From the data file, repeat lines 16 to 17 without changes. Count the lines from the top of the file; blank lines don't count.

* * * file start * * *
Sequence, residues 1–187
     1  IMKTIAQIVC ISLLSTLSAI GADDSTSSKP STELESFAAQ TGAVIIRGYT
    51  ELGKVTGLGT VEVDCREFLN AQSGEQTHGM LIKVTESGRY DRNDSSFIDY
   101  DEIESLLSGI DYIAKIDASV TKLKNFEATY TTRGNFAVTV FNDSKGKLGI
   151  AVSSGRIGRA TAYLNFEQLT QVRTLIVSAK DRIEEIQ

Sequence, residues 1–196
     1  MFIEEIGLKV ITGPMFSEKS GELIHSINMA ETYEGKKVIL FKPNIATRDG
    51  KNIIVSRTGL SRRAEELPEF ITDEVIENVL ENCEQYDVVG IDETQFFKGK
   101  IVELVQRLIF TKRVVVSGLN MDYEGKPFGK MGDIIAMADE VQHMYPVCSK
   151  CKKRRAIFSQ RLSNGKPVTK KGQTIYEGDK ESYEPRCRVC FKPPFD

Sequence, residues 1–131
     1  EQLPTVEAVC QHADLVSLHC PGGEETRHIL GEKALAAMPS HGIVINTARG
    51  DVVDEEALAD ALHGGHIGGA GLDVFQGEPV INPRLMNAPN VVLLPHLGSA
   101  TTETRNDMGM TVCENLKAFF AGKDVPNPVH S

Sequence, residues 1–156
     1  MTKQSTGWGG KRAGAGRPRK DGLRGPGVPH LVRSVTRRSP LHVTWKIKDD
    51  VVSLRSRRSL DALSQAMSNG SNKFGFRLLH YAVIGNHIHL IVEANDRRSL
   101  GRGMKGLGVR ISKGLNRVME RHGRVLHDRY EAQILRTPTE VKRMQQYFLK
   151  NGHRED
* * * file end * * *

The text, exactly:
     1  MTKQSTGWGG KRAGAGRPRK DGLRGPGVPH LVRSVTRRSP LHVTWKIKDD
    51  VVSLRSRRSL DALSQAMSNG SNKFGFRLLH YAVIGNHIHL IVEANDRRSL